Home - , - Scratch Wireless Launches Free WiFi-First Mobile Service

Scratch Wireless Launches Free WiFi-First Mobile Service

Scratch Wireless, a new Sprint MVNO, launched today calling itself "the world's first free mobile service for text, data and voice".  It's not really the first however, FreedomPop launched its free service two weeks ago. But the average user could care less who was first, the real question is how does it work and is it really free?

Like Republic Wireless, FreedomPop and TextNow, Scratch is a "WiFi-First" service. Scratch phones run software that routes calls, texts and data over WiFi whenever possible. When there's no WiFi, Scratch uses the Sprint network. Calls and texts over WiFi are free as you would expect.

Where Scratch gets interesting is when you are out of WiFi range. Scratch is using the freemium model. The free part is texting, Scratch makes texting free whether users are on a Wi-Fi network or not. To use voice or data away from WiFi you need to buy a Cellular Pass. There are 24 Hour and 30 Day Passes priced as follows:

  • $1.49 - 30 minutes of calling good for 24 hours
  • $1.49 - 25 MBs of data good for 24 hours
  • $14.99 - 250 minutes of calling good for 30 days
  • $14.99 - 200 MBs of data good for 30 days
Pass prices seem high but Scratch has to pay Sprint for all that free texting somehow. Scratch could still be a good deal for users who are around WiFi most of the time and only need to buy a day pass occasionally. Passes can be conveniently purchased using an app on the phone.

To use Scratch you need a Scratch phone. Currently there's only one phone available, the Motorola Photon Q for $269. The Photon Q is an Android QWERTY slider. It's LTE capable, runs Android 4.1 JellyBean and has a 4.3" 540x960 qHD screen, 1.5 Ghz dual core processor, 1GB RAM, 8MP main camera and 1.3 MP front facing camera for video chat.

Scratch is facing some stiff competition in the WiFi-First space. There's FreedomPop with it's freemium service that offers 500MB, 200 minutes and 500 texts per month for free, TextNow with unlimited texts, 500 MB and 750 voice minutes for $18.99 and Republic Wireless with unlimited talk, text and data starting at $19 (plus taxes).

Scratch's service seems ideal for heavy texters who are only occasional voice and data users and/or are around WiFi most of the time. But to make money Scratch needs to sell Cellular Passes. Too many freeloading text-only customers could doom that business model. But the relatively expensive phone should help to discourage customers who are a little too value oriented.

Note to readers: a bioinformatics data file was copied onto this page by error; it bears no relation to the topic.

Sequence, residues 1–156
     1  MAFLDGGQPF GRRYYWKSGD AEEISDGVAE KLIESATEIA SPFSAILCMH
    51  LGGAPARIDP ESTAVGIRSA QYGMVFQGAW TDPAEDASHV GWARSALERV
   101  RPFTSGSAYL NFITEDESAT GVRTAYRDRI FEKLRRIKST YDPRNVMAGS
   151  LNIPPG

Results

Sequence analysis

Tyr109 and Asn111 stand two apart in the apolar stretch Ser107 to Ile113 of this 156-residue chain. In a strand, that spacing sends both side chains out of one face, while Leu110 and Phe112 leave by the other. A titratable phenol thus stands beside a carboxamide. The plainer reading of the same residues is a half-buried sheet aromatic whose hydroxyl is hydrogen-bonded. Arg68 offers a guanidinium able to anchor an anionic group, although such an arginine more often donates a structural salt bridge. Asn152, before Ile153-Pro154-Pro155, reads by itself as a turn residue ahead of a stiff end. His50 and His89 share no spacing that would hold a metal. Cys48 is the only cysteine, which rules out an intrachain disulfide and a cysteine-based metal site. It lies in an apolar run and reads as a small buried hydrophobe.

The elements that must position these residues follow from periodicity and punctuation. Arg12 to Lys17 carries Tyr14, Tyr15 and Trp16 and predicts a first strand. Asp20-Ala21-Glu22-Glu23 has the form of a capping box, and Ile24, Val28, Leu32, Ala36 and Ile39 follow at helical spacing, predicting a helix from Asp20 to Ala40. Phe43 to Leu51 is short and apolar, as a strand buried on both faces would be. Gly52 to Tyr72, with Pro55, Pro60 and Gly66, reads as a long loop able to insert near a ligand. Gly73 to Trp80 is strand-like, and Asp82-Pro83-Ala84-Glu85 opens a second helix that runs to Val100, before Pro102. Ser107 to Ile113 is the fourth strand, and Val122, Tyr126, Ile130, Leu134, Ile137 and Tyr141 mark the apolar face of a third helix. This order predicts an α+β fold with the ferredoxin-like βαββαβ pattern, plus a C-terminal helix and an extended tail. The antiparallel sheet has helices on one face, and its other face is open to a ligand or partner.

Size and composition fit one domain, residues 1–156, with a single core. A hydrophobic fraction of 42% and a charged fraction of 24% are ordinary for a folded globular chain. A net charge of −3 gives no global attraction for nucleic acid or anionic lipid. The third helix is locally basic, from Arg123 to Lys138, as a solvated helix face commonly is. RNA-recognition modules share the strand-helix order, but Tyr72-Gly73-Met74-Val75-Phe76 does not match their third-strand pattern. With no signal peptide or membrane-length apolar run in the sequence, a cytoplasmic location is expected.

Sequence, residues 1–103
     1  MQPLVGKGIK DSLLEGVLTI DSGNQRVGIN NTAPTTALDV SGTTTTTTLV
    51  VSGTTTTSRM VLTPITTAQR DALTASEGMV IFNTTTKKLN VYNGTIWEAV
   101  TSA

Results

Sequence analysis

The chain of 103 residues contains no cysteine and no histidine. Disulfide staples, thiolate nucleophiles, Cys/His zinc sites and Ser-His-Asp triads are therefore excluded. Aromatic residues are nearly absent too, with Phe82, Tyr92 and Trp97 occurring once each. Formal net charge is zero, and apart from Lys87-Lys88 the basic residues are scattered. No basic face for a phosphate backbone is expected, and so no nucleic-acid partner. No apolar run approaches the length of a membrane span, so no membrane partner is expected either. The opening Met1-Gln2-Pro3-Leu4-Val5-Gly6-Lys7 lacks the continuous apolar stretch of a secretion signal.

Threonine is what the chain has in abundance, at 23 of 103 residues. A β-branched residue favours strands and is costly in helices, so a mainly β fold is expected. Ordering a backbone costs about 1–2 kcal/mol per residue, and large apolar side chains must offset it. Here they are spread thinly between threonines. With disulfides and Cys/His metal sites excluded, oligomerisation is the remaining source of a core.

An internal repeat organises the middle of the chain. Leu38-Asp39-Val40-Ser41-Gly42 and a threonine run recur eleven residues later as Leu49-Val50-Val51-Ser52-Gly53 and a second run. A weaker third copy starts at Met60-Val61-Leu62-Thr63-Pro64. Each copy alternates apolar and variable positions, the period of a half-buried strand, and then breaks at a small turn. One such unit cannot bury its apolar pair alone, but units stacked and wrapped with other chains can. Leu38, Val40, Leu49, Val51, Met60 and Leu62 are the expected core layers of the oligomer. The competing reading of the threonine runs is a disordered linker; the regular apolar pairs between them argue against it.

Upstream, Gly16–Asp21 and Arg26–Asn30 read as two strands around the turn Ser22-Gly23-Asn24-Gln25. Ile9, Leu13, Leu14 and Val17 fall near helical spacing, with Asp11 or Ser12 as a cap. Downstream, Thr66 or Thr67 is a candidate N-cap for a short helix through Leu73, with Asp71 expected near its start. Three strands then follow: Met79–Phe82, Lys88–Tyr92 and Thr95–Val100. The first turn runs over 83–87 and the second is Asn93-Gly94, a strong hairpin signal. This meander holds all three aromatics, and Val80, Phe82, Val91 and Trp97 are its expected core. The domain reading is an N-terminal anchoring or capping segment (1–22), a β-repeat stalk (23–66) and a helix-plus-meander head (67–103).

Scratch launched today on an "invitation only" basis, with general availability coming "in time for the holiday season". You can request an invite at scratchwireless.com/coming-soon.php.

Sources:  Scratch Wireless via FierceWireless

10 comments:

Comment Page :
  1. Kudos to Scratch for offering an actual complete phone (i.e. not missing a keyboard). I could not find evidence that TextNow and Republic had any in their offerings.

    Non-kudos for the company naming itself after the devil.

    ReplyDelete
  2. Interesting, but for me it's cheaper (although somewhat less seamless) to use a combination of PTel and Groove IP / Google voice.

    ReplyDelete
  3. There should be a way to turn any phone into WI-FI First phone with root access.. until then its not good for me

    ReplyDelete
  4. I use Google Voice with a OBi 110 to make free calls at home, PayGo on Ptel, Lyca and RingPlus when out. With Lyca, incoming texts and toll free calls are free. The RingPlus cell is on the free plan. Think I will get rid of Ptel when I run out of top-up cards.

    ReplyDelete
  5. Seems like an awkward phone service for many people. One major advantage of a cell phone is having the ability to call for a tow or to speak with your doctor in an emergency. To first have to activate voice calls would slow things up, and then when the inevitable glitch occurs (like your credit card has expired) in the midst of all this it would be infuriating. And, if you pay for the monthly service you get a lot less than the competition. Not sure this is competitive, and it doesn't offer anything new to make up for it.

    ReplyDelete
    Replies
    1. I agree with you 100%. Most users want peace of mind knowing that you can use your phone anytime, anywhere for as long as you want and not worrying about if you run out of minutes or need to topup ect..... How cheap can you be thinking that 40 or 50 a month for unlimited is that bad. With todays prepaid choices I dont see a huge customer base to any of these companies that offer these type of plans.

      Delete
    2. Building penetrating spectrum is finite, though. I think as everybody is moving to 100-1000 Mbps smartphones in the next ten years, you'll find "local offloading" to be increasingly important.

      Delete
  6. Do they support MMS?

    ReplyDelete
    Replies
    1. They haven't said anything about supporting or not supporting MMS.so far. We will have to wait and see.

      Delete
  7. Scratch Wireless increased the daily pass price to $1.99.

    ReplyDelete
Comment Page :